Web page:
Post Hoc Analysis of Randomized SCOT-HEART Trial: Coronary Computed Tomography Is More Strongly Associated With 5-Year Coronary Events Compared With Exercise Electrocardiography

Sahar Memar Montazerin, MD
By Sahar Memar Montazerin, MD on

The post hoc analysis of the SCOT-HEART trial by Dr. Adamson MBChB, Ph.D. published in JAMA Cardiology showed that abnormal results of exercise electrocardiography (ECG) were strongly associated with coronary revascularization and increased risk of mortality from coronary heart disease. However, coronary computed tomography (CT) angiography was a more accurate predictor of 5-year coronary events compared with exercise ECG alone.

The exercise ECG has long been known to be the mainstay of evaluating chest pain in patients who are suspected to have coronary artery disease (CAD). However, this investigation provides limited sensitivity in detecting obstructive CAD especially in case of low pretest probability. Compared to exercise ECG, coronary CT angiography has been shown to have high sensitivity in the detection of obstructive CAD. The recent guidelines have supported a diminished role for exercise ECG in the assessment of obstructive CAD. However, the American College of Cardiology and American Heart Association guidelines recommended the exercise ECG test (non-invasive stress testing) as the initial diagnostic method for patients with intermediate pretest risk who presented with chest pain suspicious for CAD. 

The SCOT-HEART ( Scottish Computed Tomography of the Heart) analysis was a multi-center, randomized clinical trial conducted in clinics across Scotland to compare the standard care and standard care plus coronary CT angiography in patients with a history of chest pain suspected for CAD. The post hoc analysis of this study was done among 3283 patients with a history of chest pain suspected for CAD who underwent the exercise ECG test. The participants were randomized in a 1:1 ratio into two groups to either receive standard care combined with coronary CT angiography or to receive standard care only. Death from coronary heart disease or nonfatal myocardial infarction at 5 years was considered as the primary endpoint of the study.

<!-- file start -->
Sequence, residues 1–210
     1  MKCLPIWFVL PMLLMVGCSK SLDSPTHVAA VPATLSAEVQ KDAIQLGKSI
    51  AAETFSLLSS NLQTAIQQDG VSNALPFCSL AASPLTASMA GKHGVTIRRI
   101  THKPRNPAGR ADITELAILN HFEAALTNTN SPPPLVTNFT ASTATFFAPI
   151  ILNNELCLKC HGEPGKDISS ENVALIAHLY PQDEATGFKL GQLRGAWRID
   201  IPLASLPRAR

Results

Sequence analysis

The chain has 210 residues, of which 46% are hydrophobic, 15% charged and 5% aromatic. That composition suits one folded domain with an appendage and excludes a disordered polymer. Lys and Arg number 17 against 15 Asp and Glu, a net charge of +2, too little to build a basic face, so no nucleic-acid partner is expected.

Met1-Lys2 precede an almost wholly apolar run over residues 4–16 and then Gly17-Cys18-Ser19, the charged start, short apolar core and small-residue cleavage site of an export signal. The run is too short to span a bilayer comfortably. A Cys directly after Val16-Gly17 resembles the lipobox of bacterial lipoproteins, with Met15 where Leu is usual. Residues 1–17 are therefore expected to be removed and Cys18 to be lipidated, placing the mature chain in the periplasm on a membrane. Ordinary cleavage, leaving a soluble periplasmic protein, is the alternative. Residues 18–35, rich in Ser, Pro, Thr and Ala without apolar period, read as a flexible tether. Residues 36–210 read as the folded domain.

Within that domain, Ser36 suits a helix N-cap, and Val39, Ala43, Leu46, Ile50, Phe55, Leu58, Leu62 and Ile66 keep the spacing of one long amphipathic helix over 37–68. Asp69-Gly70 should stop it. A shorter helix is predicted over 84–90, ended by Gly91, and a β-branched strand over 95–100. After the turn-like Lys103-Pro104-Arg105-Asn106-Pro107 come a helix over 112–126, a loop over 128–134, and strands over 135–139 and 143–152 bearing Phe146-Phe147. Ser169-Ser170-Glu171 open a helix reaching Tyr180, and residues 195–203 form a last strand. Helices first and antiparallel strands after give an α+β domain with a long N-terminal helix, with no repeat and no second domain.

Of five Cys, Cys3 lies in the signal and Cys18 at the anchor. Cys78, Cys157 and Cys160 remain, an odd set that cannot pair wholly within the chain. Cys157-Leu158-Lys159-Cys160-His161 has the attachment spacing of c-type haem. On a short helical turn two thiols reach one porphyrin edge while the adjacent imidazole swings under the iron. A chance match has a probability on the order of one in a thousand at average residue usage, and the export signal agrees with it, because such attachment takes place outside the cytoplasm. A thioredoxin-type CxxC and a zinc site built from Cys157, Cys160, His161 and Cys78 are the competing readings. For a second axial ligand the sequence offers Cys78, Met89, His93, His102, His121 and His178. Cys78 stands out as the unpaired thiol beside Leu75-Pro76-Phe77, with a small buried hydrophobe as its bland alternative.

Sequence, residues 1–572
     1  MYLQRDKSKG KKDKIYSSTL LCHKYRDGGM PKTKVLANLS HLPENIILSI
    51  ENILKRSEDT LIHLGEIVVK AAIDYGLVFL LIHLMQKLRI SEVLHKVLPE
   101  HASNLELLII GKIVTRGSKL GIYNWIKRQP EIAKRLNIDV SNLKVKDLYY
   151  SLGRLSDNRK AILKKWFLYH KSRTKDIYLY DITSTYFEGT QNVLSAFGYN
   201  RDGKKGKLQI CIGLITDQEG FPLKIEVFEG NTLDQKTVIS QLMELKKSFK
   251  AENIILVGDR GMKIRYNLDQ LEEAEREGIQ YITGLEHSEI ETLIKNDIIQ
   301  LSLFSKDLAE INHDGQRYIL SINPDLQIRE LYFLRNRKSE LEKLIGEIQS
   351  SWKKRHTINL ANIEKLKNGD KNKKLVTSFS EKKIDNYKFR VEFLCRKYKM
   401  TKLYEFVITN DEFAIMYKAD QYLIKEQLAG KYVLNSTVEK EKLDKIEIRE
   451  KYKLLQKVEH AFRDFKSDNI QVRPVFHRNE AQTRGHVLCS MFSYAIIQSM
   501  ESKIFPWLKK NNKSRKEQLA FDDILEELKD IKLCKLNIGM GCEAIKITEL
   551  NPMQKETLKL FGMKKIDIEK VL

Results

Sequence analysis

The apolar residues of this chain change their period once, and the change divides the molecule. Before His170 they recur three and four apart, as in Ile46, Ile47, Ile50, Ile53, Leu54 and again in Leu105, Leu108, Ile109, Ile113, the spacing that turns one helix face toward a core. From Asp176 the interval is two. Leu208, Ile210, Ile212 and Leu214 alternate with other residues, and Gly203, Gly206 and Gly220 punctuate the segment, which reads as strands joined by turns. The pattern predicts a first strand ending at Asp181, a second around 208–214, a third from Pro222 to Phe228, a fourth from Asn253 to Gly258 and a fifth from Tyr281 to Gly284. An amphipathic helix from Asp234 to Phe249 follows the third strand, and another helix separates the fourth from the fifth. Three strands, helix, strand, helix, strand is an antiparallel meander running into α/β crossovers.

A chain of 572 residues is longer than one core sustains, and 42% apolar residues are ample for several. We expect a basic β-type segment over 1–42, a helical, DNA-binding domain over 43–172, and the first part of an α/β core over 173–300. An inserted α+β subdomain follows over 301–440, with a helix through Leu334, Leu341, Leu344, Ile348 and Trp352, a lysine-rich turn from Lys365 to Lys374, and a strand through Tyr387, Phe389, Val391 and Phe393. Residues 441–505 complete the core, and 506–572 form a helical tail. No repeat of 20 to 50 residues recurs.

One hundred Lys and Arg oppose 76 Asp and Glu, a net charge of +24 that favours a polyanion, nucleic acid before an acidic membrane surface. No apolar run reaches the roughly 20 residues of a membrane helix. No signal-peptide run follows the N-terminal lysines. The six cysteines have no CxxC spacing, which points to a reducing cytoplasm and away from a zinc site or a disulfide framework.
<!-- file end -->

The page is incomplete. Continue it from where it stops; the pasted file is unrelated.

This study demonstrated that exercise ECG had a sensitivity of 39% and a specificity of 91% for
detecting any obstructive coronary artery disease in those who underwent subsequent coronary CT angiography. Also, abnormal results of exercise ECG test was associated with an increased risk of future myocardial infarction and coronary revascularization. The result of this study is also in line with the data from the original SCOT-HEART study. Interestingly, coronary CT angiography benefited the most those who had normal or inconclusive exercise ECG test. This study also demonstrated a robust association between abnormal exercise ECG test and a higher rate of coronary revascularization. 

There are some limitations to consider while interpreting the results of this study. First, of the total participants of the SCOT-HEART study, 79% had a documented exercise ECG test and therefore included in the study which may cause the potential for selection bias. Second, patients with abnormal coronary CT angiography had a higher quality of care and received secondary preventive therapy which may result in a change in risk estimate of the post hoc analysis.

Finally, the results of this study demonstrated that coronary CT angiography may identify further undetected CAD and be more helpful in clinical decision making in comparison to the exercise ECG test.



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